In 2009 Newark mayor Cory Booker visited Duke University’s Sanford School of Public Policy to lecture on political leadership and social justice in the wake of the election of President Obama. Here, Prof. Haynie interviews Booker for the Rutherford Living History program, an initiative that documents conversations with American and world leaders who have been part of historic events.
“[His speech] didn’t accomplish what I think Mr. Trump needs to accomplish the most, and that is to broaden the base. Moving to the general election, he has to broaden that appeal. I don’t think he did that,” Haynie said during the discussion. “It was an appeal to the conservative wing of the base. The ‘law and order’ references over and over again helped him with that base and the delegates in the convention. I’m not sure how well it will help him moving forward in the general election.”
The party, Haynie said, has ignored the demographic growth among young people and ethnic minorities.
“I thought the tone and demeanor was odd. The yelling was high pitched and high toned. We already knew that Donald Trump. He had an opportunity, I think a missed opportunity, to introduce another side to himself and I don’t think he did that,” Haynie said.
He added: “It was a very white audience. The [Republican] autopsy plan called for reaching out to blacks, Latinos, Asian Americans. You didn’t see much of that in that audience. It was the whitest Republican convention in recent memory.”
Watch here: http://www.wral.com/news/local/video/15871976/ (starts at 2:04)
In recent years, the summer season has given rise to racial tensions in the U.S. due to injustice surrounding police shootings and other acts of violence targeting the African Americans.
Two such incidents have captured media attention so far this summer — the July 5 killing of Alton Sterling in Baton Rouge, La., and the killing of Philando Castile in Falcon Heights, Minn., both by white police officers.
DCORE faculty members will discuss the various aspects of the police killings, the Orlando nightclub shooting and gun control during a panel discussion. The DCORE faculty represent a number of academic fields, including law, the humanities and the social sciences.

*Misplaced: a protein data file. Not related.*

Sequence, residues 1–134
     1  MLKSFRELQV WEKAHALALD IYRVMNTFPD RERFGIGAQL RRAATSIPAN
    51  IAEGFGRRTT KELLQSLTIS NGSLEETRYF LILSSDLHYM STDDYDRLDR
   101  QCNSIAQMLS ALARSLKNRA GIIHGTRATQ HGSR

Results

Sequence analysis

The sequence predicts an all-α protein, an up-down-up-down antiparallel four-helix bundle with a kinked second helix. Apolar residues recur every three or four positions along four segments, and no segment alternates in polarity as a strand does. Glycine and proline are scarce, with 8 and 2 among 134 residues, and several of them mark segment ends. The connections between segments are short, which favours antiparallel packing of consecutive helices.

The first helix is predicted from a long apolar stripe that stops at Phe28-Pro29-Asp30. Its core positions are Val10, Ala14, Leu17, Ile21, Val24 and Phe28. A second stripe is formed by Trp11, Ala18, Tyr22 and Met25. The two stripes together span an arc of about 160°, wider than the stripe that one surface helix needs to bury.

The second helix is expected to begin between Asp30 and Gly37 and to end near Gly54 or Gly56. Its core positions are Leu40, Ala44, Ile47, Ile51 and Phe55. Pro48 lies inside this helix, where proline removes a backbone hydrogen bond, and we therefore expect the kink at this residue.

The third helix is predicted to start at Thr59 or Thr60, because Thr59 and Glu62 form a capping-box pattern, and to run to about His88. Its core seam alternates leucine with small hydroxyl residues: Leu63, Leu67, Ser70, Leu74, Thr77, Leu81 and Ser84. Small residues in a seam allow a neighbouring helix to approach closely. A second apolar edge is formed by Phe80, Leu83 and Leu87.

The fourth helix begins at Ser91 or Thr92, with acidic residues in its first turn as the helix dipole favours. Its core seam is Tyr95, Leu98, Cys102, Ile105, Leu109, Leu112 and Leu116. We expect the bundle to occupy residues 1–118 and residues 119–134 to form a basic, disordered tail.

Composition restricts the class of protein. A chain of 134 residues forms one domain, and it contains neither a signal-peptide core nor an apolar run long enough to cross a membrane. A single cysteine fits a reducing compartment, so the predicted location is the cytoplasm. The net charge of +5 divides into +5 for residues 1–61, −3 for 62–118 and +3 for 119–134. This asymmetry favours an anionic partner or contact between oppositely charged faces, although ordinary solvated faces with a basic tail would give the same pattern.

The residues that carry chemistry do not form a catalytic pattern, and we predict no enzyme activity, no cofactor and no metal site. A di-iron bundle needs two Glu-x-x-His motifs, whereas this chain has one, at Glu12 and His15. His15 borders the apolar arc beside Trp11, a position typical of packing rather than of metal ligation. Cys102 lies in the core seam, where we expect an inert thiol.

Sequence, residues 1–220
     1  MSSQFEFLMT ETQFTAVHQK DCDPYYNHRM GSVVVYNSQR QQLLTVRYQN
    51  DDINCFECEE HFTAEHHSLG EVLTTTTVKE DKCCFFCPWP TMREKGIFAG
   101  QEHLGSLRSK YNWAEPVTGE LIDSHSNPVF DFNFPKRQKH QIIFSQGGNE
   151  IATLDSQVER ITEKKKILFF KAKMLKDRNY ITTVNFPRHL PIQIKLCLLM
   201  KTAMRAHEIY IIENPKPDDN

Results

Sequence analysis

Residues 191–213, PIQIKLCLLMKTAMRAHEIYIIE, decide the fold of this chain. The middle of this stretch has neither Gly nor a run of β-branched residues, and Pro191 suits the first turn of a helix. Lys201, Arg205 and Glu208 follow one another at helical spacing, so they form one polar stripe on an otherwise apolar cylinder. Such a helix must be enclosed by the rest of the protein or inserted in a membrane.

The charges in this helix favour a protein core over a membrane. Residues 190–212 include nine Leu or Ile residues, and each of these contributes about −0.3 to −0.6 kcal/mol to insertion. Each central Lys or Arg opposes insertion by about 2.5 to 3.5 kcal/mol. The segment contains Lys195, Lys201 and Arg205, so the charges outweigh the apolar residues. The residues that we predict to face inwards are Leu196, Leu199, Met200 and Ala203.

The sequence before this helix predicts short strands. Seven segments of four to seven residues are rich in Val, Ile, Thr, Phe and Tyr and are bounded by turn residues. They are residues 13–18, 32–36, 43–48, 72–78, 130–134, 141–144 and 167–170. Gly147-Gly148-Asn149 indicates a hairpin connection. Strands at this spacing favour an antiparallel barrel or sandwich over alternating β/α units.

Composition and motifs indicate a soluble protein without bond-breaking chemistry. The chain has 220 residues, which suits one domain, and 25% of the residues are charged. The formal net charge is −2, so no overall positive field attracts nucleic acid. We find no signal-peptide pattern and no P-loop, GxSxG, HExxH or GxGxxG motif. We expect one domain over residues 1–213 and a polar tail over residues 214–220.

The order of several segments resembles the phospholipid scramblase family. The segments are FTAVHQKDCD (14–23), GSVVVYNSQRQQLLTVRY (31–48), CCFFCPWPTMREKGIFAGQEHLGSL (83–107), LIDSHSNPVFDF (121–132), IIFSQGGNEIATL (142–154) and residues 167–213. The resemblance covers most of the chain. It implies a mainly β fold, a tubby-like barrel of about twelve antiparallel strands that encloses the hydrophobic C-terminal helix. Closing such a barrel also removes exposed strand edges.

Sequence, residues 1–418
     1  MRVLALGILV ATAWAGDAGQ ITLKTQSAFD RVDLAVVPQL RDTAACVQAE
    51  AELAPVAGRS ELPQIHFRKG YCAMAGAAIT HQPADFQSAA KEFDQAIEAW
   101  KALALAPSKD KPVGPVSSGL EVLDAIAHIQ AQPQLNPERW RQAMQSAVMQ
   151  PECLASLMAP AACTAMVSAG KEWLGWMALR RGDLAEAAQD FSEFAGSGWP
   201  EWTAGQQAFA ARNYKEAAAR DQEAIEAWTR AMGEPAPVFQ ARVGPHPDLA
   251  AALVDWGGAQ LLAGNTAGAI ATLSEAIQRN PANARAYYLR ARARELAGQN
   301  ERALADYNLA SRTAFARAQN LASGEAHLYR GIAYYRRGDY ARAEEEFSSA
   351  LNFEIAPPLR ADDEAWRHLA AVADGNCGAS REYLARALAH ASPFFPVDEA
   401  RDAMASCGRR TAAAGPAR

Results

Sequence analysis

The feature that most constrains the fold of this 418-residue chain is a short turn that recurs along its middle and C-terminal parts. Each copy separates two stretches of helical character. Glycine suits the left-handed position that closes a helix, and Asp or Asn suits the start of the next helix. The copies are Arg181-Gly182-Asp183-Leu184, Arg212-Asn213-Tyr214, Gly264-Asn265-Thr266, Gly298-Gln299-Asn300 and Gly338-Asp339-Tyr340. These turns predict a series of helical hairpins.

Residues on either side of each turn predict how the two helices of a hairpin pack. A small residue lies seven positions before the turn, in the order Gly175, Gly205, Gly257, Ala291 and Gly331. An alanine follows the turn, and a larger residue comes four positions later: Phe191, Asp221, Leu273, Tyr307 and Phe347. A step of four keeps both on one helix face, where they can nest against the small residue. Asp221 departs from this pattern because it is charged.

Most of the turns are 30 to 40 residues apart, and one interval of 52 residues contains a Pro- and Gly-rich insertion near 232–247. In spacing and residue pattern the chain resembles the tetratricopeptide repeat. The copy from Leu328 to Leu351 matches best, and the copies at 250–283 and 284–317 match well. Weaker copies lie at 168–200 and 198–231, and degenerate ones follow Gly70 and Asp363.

“#SummerSyllabus 2016” will be held at 6 p.m., Thursday, Sept. 8 in Griffith Film Theater.
Sterling, 37, died on July 5 outside a supermarket when police, suspecting he had a gun, wrestled him to the ground and shot him several times at point blank range. The father of five had been selling CDs.
A day later, Castile, 32, was killed during a routine traffic stop as he reached for his license, registration and concealed carry permit. Shortly after, in alleged retaliation, five police officers were killed in Dallas, Tex., and three were killed in Baton Rouge, La. A fourth is in critical condition and two others were injured.
DCORE faculty held #SummerSyllabus last year with a focus on the events of summer 2015 including the Charleston church shooting, the debate over the Confederate flag, and the death of Sandra Bland in police custody. In 2014, the topic was the police killing of Michael Brown in Ferguson, Mo. which led to protests across the country.
Yomaira Figueroa, assistant professor in the MSU Department of English and African American and African Studies, has been selected as a 2015-2017 Summer Institute on Tenure and Professional Advancement (SITPA) Fellow, and inaugural SITPA Fellows cohort member.
SITPA is a mentoring and professional socialization initiative at Duke University designed for early-career faculty to facilitate successful transition from junior faculty status to tenured associate professor. Its underlying objective is to address the persistent underrepresentation of racial and ethnic minorities on the faculties of U.S. colleges and universities.